Monroeville: Literary Capital of Alabama

Literary Capital Monroeville's To Kill a Mockingbird Play Amphitheatre
Monroeville’s Amphitheatre

In 1997 the Alabama Legislature bestowed the title of “Literary Capital of Alabama” on the sleepy town of Monroeville. There’s a lot behind that title. Monroeville is the home of Harper Lee, renowned author of To Kill a Mockingbird. The town also played an equally important role in the life of Truman Capote, author of In Cold Blood and Breakfast at Tiffany’s. Monroeville is also the home of Mark Childress, who wrote Crazy in Alabama, and a number of other writers and journalists of note. Monroeville loves to celebrate its literary associations, notably with a play on the courthouse lawn of To Kill a Mockingbird and exhibits in the old courthouse.

Monroeville and Literary Tourism

Monroeville was the model for Maycomb, Alabama, the setting of Harper Lee’s To Kill a Mockingbird, for which she won a Pulitzer Prize in 1961. More than 30,000 visitors come to Monroeville each year, largely because of its association with classic literature and Lee’s Mockingbird. As Literary Capital, Monroeville is also a major stop on the Southern Literary Trail, an organization that focuses on the history of Southern Literature throughout Mississippi, Georgia and Alabama.

The Literary Capital and the Alabama Writer’s Symposium

Literary Capital Monroeville
Celebration of Reading sculpture

In an effort to keep its literary heritage alive and well, a number of groups within Monroeville work together to achieve a crowning event: the annual Alabama Writer’s Symposium. Each year a number of successful and aspiring writers journey to the Alabama Southern Community College, where back-to-back events focus on good writing and authorship. Attendees also enjoy the chance to meet and mingle with Alabama authors.

The event is an undertaking by the Alabama Center for Literary Arts and is acclaimed as a celebration of the state’s literary history. The Symposium draws a number of highly successful writers and has hosted such talents as Cynthia Tucker, Fannie Flagg and Kathryn Tucker Windham in the past. The highlight of the annual event is the naming of winner of the Harper Lee Award, given to Alabama’s most distinguished writer.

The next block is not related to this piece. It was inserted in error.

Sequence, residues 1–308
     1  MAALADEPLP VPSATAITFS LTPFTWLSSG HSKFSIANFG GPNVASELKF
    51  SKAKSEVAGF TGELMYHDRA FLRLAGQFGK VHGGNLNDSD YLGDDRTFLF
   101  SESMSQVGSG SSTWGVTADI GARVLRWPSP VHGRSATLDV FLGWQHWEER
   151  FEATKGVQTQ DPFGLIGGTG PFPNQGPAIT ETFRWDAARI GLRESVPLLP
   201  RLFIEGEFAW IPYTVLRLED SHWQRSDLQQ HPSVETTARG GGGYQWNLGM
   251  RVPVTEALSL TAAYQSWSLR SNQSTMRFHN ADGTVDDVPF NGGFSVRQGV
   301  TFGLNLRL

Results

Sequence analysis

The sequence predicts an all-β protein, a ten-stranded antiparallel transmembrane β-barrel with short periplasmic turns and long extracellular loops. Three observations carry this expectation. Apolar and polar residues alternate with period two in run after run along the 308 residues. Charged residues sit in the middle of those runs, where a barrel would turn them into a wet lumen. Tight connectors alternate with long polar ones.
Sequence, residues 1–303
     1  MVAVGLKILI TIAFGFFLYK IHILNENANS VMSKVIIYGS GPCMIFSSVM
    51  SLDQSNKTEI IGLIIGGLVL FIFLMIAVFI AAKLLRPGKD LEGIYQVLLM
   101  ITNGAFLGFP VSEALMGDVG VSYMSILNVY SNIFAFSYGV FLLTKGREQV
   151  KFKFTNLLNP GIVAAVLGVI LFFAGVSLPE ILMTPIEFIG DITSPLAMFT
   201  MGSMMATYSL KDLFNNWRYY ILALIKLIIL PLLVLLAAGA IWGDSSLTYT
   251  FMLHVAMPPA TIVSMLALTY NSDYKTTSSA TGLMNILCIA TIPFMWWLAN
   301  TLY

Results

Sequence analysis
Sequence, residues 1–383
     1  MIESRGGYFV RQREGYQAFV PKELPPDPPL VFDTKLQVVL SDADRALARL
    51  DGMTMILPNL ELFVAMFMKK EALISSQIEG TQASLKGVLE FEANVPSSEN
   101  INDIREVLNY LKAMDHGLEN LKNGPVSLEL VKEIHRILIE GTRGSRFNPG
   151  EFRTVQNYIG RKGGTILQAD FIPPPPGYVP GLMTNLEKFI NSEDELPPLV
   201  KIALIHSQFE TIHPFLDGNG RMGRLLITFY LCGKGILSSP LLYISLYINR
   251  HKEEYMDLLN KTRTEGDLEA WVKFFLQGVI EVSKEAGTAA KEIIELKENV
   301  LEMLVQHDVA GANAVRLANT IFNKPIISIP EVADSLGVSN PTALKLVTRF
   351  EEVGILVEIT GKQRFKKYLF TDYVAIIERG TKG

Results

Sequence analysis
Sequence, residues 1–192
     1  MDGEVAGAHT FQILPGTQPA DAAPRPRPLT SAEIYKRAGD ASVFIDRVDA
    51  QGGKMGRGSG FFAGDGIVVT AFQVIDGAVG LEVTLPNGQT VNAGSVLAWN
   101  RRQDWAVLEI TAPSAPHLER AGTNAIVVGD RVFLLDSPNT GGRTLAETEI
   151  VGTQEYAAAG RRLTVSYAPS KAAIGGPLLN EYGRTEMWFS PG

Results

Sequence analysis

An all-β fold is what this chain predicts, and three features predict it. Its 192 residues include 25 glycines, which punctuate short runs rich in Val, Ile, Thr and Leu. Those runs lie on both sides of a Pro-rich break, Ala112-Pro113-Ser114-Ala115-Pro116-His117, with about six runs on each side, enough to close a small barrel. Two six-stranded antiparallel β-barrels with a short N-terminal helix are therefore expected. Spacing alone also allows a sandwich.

For a small town in the South, the literary roots of Monroeville run deep. Its attention to—and celebration of—a remarkable literary heritage makes Monroeville the ideal Literary Capital of Alabama.

Have you been to Monroeville? Are you planning a visit? We’d love to hear from you!


  1. […] Monroeville’s primary industry is timber, and there are the usual small-town businesses—delis, bakeries, antique stores.  It’s the sort of town you’d expect to have a population of 6,000.  In fact, it mirrors the fictional Maycomb in hundred small-town ways—but then there are the unique points of Monroeville:  the Courthouse that has become famous because of To Kill a Mockingbird, the newly-formed non-profit company that promises to keep the beloved theatrical version of the novel going, and the way the little town and its citizens protect their most famous resident, Nelle Harper Lee, author of To Kill a Mockingbird.   Part of Monroeville’s charm is based on its reputation as the Literary Capital of Alabama, and that’s a title that the people of Monroeville take to heart. […]

  2. […] Right now, we are very excited about our fun, new Ol’ Curiosities t-shirts! This awesome octopus design comes in youth sizes, as well as sizes for adults, so everyone–big and small–can show their support for their favorite lil’ book shoppe! These Ol’ Curiosities t-shirts make great gift for our fans, and they are a perfect souvenir from Monroeville,  if you happen to be just passing through the literary capital of Alabama. […]

  3. […] To Kill a Mockingbird  has already been adapted into an Oscar-winning film (with a screenplay by Horton Foote), which starred Gregory Peck as Atticus Finch and Mary Badham as Scout.  Harper Lee’s tiny hometown of Monroeville has also known the story in dramatic form with a courthouse-lawn rendition that has become tradition in the town, and a must for tourists seeking to learn more about Monroeville, the Literary Capital of Alabama, on which the fictional Maycomb was based. […]

Leave a comment: